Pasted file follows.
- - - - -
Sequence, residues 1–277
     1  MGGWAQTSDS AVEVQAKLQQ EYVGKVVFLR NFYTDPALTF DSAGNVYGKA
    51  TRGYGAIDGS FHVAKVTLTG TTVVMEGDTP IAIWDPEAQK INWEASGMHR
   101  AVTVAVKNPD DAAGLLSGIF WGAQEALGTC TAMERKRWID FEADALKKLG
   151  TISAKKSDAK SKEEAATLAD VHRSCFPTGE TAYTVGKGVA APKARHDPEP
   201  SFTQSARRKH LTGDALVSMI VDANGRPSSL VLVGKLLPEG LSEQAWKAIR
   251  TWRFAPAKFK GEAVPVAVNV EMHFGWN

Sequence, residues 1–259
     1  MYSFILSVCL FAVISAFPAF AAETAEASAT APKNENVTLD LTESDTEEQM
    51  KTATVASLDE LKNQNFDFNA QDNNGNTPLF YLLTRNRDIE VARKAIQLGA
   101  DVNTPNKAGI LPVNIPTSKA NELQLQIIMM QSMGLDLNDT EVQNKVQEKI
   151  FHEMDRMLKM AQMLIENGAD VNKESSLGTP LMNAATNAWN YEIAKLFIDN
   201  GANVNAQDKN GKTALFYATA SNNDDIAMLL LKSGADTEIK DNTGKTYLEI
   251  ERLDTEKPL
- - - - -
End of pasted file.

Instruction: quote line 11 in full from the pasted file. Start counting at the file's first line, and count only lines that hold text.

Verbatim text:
   101  DVNTPNKAGI LPVNIPTSKA NELQLQIIMM QSMGLDLNDT EVQNKVQEKI